Ever since Amazon CEO Jeff Bezos acquired the Washington Post for $250 million in a bombshell announcement two weeks ago, there has been an orgy of speculation about what he will or won’t (or should or shouldn’t) do with the struggling newspaper — including some by us. But a profile of the Amazon executive in the New York Times this weekend should make one thing perfectly clear to both outside observers of the media business and to staffers of the Post itself: there is roughly zero chance that Bezos bought the Post so that he could just keep it running the way it is and not make any changes.
As the NYT piece points out, Bezos is sometimes underestimated because of his somewhat diminutive stature and a famously goofy laugh, which can make him seem more like a wacky high-school science teacher than a billionaire entrepreneur. But according to those who have worked with him over the past couple of decades, he is a control freak who loves to mess with things — as former employee Steve Yegge put it in a post he wrote in 2011:
“We’re talking about a guy who in all seriousness has said on many public occasions that people should be paying him to work at Amazon. He hands out little yellow stickies with his name on them, reminding people ‘who runs the company’ when they disagree with him. The guy is a regular… well, Steve Jobs, I guess. Except without the fashion or design sense. Bezos is super smart; don’t get me wrong. He just makes ordinary control freaks look like stoned hippies.”
Fascinated by broken business models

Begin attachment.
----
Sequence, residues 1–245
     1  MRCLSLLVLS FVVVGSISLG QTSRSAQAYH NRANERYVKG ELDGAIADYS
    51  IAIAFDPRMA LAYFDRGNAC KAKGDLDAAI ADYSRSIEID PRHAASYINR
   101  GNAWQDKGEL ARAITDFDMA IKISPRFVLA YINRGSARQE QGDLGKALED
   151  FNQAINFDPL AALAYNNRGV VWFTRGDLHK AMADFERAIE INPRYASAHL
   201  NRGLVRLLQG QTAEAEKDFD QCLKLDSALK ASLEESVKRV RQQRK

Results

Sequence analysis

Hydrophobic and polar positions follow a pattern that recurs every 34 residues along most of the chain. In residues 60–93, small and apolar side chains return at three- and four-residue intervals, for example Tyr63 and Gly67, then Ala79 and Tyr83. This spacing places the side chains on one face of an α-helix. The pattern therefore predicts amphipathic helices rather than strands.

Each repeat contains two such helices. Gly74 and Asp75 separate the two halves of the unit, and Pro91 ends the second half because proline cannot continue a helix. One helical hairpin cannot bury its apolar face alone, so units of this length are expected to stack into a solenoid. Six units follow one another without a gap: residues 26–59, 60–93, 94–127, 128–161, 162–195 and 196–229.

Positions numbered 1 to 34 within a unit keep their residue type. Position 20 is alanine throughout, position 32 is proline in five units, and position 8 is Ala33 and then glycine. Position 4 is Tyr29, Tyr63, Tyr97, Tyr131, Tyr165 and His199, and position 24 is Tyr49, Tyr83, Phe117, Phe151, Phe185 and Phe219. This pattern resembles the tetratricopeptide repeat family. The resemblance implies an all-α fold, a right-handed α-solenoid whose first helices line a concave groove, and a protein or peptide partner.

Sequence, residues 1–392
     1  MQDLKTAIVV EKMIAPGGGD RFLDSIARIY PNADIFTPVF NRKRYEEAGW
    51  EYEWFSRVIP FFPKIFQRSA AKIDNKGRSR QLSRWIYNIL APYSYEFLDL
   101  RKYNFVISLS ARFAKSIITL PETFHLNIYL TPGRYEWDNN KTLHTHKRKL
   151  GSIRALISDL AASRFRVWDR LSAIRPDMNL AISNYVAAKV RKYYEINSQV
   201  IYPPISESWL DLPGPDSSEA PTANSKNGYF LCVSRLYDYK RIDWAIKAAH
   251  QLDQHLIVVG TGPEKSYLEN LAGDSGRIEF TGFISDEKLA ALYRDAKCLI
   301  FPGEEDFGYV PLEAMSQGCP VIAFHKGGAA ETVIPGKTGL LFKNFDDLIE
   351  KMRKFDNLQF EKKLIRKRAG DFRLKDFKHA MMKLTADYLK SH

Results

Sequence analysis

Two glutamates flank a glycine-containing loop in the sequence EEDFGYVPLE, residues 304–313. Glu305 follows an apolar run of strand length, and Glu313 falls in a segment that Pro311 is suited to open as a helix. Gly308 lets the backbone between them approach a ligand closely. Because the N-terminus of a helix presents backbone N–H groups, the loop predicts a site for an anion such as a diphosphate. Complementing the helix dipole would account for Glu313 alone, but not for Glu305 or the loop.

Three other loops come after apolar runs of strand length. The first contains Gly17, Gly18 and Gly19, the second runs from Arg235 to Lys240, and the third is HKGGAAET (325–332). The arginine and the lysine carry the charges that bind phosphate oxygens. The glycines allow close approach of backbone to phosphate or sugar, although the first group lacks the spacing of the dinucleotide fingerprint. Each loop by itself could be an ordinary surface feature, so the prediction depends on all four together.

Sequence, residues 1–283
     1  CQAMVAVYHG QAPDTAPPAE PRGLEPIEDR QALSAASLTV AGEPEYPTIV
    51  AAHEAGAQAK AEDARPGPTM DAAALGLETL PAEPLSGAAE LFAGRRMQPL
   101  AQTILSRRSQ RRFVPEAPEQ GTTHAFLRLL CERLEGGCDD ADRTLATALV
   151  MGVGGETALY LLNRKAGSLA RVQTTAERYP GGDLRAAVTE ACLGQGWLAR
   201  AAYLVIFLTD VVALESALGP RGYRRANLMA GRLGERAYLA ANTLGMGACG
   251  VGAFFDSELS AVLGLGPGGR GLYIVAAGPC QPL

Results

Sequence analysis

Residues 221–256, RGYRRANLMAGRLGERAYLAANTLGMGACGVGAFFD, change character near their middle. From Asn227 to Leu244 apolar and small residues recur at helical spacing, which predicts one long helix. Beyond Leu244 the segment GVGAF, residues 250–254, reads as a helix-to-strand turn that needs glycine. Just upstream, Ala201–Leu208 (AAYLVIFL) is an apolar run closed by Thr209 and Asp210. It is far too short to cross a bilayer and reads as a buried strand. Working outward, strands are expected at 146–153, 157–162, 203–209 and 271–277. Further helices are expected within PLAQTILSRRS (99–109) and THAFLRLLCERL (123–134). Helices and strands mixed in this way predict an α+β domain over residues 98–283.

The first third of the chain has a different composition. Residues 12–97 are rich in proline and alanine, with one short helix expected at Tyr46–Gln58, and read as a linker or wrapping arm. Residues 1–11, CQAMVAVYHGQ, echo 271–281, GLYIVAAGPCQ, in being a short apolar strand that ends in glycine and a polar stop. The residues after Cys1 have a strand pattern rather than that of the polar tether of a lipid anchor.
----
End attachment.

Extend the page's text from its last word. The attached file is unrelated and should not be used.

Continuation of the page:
James Marcus, who was Amazon employee #55, told the New York Times something similar — that underestimating Bezos would be a gigantic mistake, and that he almost certainly has plans to fix the Washington Post and to somehow reinvent journalism for a digital age. As Marcus put it:
“Jeff may be outwardly goofy, with that trademark laugh, but he’s a very tough guy. If he goes even halfway through with his much-vaunted reinvention of journalism, there is no way he’s not going to break some eggs.”
While some have speculated that Bezos may have bought the Post solely because he wants to curry favor in Washington or because he feels some kind of charitable impulse towards journalism and the financially-struggling media business, Marcus — who is now the executive editor of Harper’s magazine — told the NYT that he thinks the Amazon founder’s purchase was driven by a desire to figure out how to fix the newspaper, and possibly journalism as well:
“Bezos is fascinated by broken business models. And whatever else you think of newspapers, the business model is broken.”
In other words, it seems unlikely Bezos will just sit back and allow the Washington Post to continue doing journalism or the media business the same way it always has — the same way that has led to hundreds of millions of dollars in losses and rounds of layoffs. What he plans to do remains a mystery, but I tried to come up with a few helpful suggestions in a recent post.